12/06/2016 / By Vicki Batts
It’s bad enough when pregnant mothers get vaccinated, but now Big Pharma wants to take vaccination to a whole new level. Instead of just vaccinating mothers-to-be, the industry wants to be able to inject unborn babies with their latest concoctions, too.
The 21st Century Cures Act is poised to pass any day now. While this legislation claims to bring medicine into the 21st century, it honestly seems intended to do the exact opposite. Instead of looking forward to new horizons, this bill would merely double down on conventional methods that have been in use for decades. The 21st Century Cures bill managed to pass the House last year, and after being broken up into smaller sections by the Senate, is set to see approval any day now.
One of the more concerning aspects of this bill lies in the Senate bill S. 2742 (the Promoting Biomedical Research and Public Health for Patients Act), which appears to be laying down the groundwork for amending the current vaccination schedule to include expectant mothers and their still-developing, unborn children. This particular provision contains the following language:
Notwithstanding any other provision of law, for purposes of this subtitle, both a woman who received a covered vaccine while pregnant and any child who was in utero at the time such woman received the vaccine shall be considered persons to whom the covered vaccine was administered and persons who received the covered vaccine.
Now, this could be interpreted in any number of ways. It may, for example, simply be a form of liability coverage. But, it could also be paving the way for unborn children to be considered eligible for vaccination. If this is the case, it won’t be long before we see manufacturers developing new lines of vaccines designed with babies in utero in mind.
The Centers for Disease Control already suggests that pregnant women get a whole host of vaccinations – whooping cough, flu and hepatitis B vaccines are all pushed on mothers-to-be as the epitome of protection for their child – but many question the necessity and use of such injections.
In addition to these concerns, the new bill may also open doors for the current vaccination schedule to be shifted or expanded, and create a slew of opportunities for the industry to increase their profit margins. As the Alliance for Natural Health (ANH) suggests, “Maybe the first DTaP (diphtheria, tetanus, and pertussis) shot will be given to the mother and the fetus, rather than to the child at one month. Perhaps the schedule will be expanded.” This is a great example of what the 21st Century Cures act could allow to take place.
There are many potential risks to doing this; for example, the aluminum adjuvants found in many vaccines have never been tested for safety in children, let alone unborn babies. And, as the ANH notes, there doesn’t seem to be any research on the safety of multiple vaccinations being administered during pregnancy, nor any kind of comparison between the potential risks and benefits.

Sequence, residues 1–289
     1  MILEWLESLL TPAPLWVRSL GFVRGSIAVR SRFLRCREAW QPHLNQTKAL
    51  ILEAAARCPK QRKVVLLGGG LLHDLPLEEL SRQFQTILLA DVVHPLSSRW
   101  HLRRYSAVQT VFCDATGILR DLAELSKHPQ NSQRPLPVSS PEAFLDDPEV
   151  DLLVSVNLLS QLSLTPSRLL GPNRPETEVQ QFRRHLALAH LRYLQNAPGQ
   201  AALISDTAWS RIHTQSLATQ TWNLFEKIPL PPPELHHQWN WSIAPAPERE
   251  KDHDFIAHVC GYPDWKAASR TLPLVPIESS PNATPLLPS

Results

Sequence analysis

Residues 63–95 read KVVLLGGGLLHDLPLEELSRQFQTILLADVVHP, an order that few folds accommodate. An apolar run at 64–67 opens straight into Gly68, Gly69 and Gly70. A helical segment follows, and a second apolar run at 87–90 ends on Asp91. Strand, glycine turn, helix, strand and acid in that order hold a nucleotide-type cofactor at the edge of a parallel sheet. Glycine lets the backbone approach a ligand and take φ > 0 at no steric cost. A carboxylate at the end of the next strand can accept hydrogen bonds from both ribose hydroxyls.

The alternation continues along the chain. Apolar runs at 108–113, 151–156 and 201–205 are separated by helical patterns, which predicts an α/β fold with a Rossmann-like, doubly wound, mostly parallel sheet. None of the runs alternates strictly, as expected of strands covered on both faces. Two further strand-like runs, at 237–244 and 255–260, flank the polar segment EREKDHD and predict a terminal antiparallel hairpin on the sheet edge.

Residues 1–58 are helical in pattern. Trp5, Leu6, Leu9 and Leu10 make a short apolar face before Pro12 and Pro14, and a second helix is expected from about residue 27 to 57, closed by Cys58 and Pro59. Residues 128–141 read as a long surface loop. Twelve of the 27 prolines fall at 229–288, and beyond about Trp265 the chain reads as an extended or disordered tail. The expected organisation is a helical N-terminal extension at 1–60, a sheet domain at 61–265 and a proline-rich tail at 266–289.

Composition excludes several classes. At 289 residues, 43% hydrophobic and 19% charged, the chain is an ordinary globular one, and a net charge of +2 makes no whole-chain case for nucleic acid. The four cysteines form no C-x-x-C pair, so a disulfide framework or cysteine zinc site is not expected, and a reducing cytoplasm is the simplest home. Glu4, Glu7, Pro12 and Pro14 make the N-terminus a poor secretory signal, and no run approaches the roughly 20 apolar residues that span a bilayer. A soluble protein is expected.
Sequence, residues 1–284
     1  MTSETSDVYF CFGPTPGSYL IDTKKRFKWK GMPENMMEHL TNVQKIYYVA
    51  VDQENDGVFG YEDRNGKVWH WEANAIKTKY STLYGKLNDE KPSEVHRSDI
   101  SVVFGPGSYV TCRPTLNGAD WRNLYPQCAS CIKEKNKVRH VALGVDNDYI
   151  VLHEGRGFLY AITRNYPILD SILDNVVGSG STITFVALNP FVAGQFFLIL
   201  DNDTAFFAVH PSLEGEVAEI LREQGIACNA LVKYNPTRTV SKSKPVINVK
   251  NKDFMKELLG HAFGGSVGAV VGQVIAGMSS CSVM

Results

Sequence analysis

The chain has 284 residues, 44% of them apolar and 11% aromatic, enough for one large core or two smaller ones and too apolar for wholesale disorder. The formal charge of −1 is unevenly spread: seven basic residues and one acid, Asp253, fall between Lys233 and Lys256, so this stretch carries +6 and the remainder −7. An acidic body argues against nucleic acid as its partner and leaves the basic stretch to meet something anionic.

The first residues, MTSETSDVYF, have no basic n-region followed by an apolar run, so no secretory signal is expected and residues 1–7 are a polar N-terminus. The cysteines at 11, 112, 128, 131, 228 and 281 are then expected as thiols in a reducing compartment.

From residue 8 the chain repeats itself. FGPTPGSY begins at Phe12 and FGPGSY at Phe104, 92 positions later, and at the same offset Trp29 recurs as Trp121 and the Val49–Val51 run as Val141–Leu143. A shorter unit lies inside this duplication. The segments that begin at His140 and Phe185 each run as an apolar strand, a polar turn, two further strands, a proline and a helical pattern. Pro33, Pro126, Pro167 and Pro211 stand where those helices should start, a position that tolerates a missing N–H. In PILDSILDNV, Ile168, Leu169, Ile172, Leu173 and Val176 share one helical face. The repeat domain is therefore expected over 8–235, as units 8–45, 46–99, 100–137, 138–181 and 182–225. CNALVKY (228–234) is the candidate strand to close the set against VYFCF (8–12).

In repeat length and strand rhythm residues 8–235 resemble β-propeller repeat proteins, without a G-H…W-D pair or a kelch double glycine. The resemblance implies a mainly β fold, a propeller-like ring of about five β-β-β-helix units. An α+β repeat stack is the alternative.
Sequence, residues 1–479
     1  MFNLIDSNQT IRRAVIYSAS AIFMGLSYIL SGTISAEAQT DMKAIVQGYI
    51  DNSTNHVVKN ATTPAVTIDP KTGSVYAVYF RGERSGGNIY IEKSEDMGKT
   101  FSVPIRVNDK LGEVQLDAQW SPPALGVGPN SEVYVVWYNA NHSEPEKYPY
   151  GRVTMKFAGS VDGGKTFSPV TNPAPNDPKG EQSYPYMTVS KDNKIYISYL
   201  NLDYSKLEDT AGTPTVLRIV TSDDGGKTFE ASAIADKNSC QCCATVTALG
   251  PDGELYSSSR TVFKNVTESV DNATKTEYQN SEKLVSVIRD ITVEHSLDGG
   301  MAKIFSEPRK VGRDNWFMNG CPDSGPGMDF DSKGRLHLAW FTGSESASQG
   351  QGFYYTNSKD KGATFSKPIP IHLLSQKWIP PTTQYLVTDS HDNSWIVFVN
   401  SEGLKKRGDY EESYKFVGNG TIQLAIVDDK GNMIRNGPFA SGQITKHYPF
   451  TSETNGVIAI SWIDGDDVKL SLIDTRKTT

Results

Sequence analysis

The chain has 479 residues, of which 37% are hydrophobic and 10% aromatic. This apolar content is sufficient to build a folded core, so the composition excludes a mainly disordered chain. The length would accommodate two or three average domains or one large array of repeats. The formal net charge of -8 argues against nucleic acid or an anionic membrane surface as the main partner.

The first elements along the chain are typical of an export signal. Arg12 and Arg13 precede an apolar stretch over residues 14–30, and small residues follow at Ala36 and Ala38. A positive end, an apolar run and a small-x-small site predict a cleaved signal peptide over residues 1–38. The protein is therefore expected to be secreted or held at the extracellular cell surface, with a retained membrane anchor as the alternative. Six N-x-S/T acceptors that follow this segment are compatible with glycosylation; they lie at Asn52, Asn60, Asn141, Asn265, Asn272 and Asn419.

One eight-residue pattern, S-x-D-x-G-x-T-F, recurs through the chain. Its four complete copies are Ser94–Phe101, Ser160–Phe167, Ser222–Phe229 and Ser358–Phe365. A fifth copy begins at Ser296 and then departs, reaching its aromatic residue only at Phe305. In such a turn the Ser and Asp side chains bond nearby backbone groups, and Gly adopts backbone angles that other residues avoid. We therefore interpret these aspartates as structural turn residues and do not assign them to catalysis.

This is far from the only concerning aspect of the bill; many other parts of it have also been raising a few eyebrows. For example, many critics say that the bill goes way too far when it comes to relaxing approval standards for drugs and devices. For example, one provision in the Cures Act would allow a company to obtain approval for a second use of an FDA-approved drug, without having to conduct a randomized clinical trial. Instead, companies could use something known as “real world evidence.” Real world evidence is a much lower standard of evidence – and it lacks any assessment of risk versus benefits. It’s more subject to bias, more easily manipulated, and in general, can be very misleading.
Heritage Action, a conservative group, commented that the Act had expanded from 300 pages last year, to “an almost 1,000-page omnibus health care spending bill.”
Heritage Action went on to state, “In Washington terms, back-room negotiators have turned the Cures bill into a Christmas Tree, loaded with handouts for special interests, all at the expense of the taxpayer.”
Across the aisle, Senator Elizabeth Warren has vehemently opposed the bill and lambasted the legislation as being nothing more than a license for corporate “fraud,” “bribery” and “extortion.” Just seven Democratic senators voted against the legislation, while 70 Republicans voted to shoot it down.
In her floor speech, Senator Warren stated, “Pushing treatments without scientific evidence that they work is fraud—fraud that can hurt people.” Hopefully, she and the rest of the bill’s opponents from both political parties can band together and stop the bill, and the establishment, before it’s too late.